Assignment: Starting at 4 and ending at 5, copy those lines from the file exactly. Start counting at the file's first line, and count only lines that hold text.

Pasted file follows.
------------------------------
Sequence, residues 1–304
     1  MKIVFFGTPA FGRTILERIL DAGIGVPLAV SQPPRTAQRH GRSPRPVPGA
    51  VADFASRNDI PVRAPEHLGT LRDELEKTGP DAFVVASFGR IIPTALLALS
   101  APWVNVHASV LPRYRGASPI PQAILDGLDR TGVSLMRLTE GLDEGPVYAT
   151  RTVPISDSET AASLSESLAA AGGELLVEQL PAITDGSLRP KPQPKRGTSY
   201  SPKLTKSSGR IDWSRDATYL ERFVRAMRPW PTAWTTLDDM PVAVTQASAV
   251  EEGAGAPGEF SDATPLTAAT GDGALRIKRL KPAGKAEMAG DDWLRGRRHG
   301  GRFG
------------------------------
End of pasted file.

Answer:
   101  APWVNVHASV LPRYRGASPI PQAILDGLDR TGVSLMRLTE GLDEGPVYAT
   151  RTVPISDSET AASLSESLAA AGGELLVEQL PAITDGSLRP KPQPKRGTSY